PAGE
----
We used generalized linear mixed models with a binomial error structure (as a recommended way to analyze proportion data; Zuur et al., 2009), fitted by Laplace approximation (Bolker et al., 2009), to analyze the effects of functional and phylogenetic diversity metrics on the degree of herbivore damage of the 10 study species across the 27 study plots, whilst accounting for the effects of woody plant species richness and general plot characteristics. To determine which functional and phylogenetic characteristics particularly affect herbivory, and to assess whether their effects were complementary to simple species richness effects and independent of plot characteristics, we constructed five sets of models. These contained: (1) all predictors; (2) PC1abio and all functional metrics (functional diversity sensu Diaz et al., 2007); (3) PC1abio and phylogenetic metrics; (4) PC1abio and woody plant species richness; and (5) only PC1abio. PC1abio was included in all model sets to account for potentially confounding plot characteristics. Species identity, with individuals nested within species, and plot identity were considered as crossed random effects. The use of species identity as a random factor accounts for all interspecific differences in the levels of herbivory, leaving individual-level differences as the only source of variation. We also included a random factor with the total number of observations as factor levels to account for potential overdispersion in the data (Bates et al., 2013). Before the analysis, predictors were checked for collinearity and, where there was strong correlation (> 0.7) among predictors, we excluded those that were less strongly related to herbivory (e.g. CWMC : N and CWMC : P, which were strongly correlated with CWMPhenol, but less strongly correlated with herbivory than CWMPhenol, and several correlated species-specific Qspec measures; see Supporting Information Table S1 for a correlation matrix and a list of excluded variables). The final set of predictors included the general plot characteristics PC1abio, woody plant species richness, the phylogenetic diversity measure Qphylo, the multivariate chemical trait diversity Qchem, the single-trait dispersion variables QLDMC, QC, QC : N, QPhenol, the CWM values CWMLA, CWMLDMC, CWMC, CWMPhenol, and the species-specific measures Qspecphylo, QspecLA, QspecLDMC, QspecC, QspecC : N, QspecC : P and QspecPhenol. We also included the interaction between woody plant species richness and overall phylogenetic diversity Qphylo, as this has been shown recently to influence species richness effects in grasslands (Dinnage, 2013). All predictors were standardized to a mean of zero and a standard deviation of unity before the analysis. Each model set was simplified by sequential deletion of predictors based on the reduction in the corrected Akaike information criterion (AICc) values to obtain the most parsimonious, minimal adequate model (which may potentially also contain variables that are not statistically significant at < 0.05 if deletion of these variables would have markedly decreased the AICc fit; see Burnham & Anderson, 2004). The five resulting minimal adequate models were compared on the basis of their AICc values (ΔAICc) and AICc weights, with particularly low AICc values and high AICc weights indicating the best model fit (Burnham & Anderson, 2004). Model residuals were checked to comply with modeling assumptions. All analyses were performed with R 3.0.0 ( and the package lme4 (Bates et al., 2013).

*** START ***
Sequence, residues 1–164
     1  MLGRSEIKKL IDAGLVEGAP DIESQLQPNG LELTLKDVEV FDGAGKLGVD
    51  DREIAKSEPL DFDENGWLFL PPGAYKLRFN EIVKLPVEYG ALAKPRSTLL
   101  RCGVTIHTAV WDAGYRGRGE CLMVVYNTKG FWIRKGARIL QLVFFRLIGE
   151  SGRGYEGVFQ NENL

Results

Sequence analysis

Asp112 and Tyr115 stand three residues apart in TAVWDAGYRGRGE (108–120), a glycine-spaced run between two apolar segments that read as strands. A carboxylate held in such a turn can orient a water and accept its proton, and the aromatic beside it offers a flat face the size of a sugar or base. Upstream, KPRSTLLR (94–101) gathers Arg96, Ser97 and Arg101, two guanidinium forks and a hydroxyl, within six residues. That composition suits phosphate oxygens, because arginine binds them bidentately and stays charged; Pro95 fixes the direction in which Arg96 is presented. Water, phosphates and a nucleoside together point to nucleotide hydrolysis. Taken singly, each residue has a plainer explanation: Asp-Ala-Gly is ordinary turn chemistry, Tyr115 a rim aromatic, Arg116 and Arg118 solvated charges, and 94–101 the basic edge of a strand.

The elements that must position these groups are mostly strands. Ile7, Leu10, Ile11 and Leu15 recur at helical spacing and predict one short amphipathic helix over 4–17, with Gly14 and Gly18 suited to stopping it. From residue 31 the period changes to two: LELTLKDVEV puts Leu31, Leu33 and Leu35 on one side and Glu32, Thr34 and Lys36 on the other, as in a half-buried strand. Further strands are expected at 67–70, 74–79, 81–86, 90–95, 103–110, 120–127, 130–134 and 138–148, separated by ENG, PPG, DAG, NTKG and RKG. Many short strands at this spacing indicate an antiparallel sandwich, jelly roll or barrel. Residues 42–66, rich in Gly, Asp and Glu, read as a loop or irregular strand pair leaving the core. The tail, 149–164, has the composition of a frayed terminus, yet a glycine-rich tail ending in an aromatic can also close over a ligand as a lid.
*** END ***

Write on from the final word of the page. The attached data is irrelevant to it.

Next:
Mean leaf damage to the 10 study species, averaged across all 27 study plots, ranged between 3% (Camellia fraterna) and 17% (Cyclobalanopsis glauca). Species-specific damage levels varied by 15% (± 9.5% SD), on average, among the individual study plots. Species richness, functional characteristics and phylogenetic diversity of the plant communities all added essential explanatory value to the individual-level herbivory data. The minimal models based on abiotic characteristics and only phylogenetic or functional plant characteristics had a higher explanatory power than the models including only species richness and abiotic characteristics, or abiotic characteristics alone (Table 1). By far the best minimal model with the highest empirical support (based on ΔAICc = 11.4 to the second-best model and an AICc weight of 1) was that derived from the full dataset. This model included woody plant species richness as well as a combination of functional and phylogenetic characteristics of the woody plant communities that were also included in the more simple functional and phylogenetic models (Table 1). The multivariate Rao's Q measure of chemical trait diversity (Qchem) and the CWM leaf C content of the plant communities (CWMC) contributed most to the overall best model, followed by weaker effects of woody plant species richness, the dispersion of leaf C content (QC), the species-specific mean phylogenetic distance (Qspecphylo), the species-specific mean distance in LA (QspecLA) and CWMLDMC within the plant communities. It should be noted that the effects of most predictors were highly significant, and so potential issues of testing on the boundary of parameter space do not affect our results (Zuur et al., 2009). Herbivory decreased with increasing values of both CWMC and QC (Fig. 1b,c) and also of QspecLA, whereas it was positively related to Qchem and Qspecphylo (Fig. 1a,d), as well as to woody plant species richness and CWMLDMC. Abiotic plot characteristics were not included in the best minimal model (Table 1), supporting our assumption that intraspecific trait variation promoted by these environmental characteristics was of little importance compared with community-level trait diversity. Single-regression relationships between herbivory and the two strongest predictors, Qchem and CWMC, for the individual species show that the generalized relationships of the mixed model approach (although not statistically significant for all single species, but with a higher number of significant relationships than the one of 20 relationships expected by chance for α = 0.05) are well reflected in most of the individual species (Fig. 2).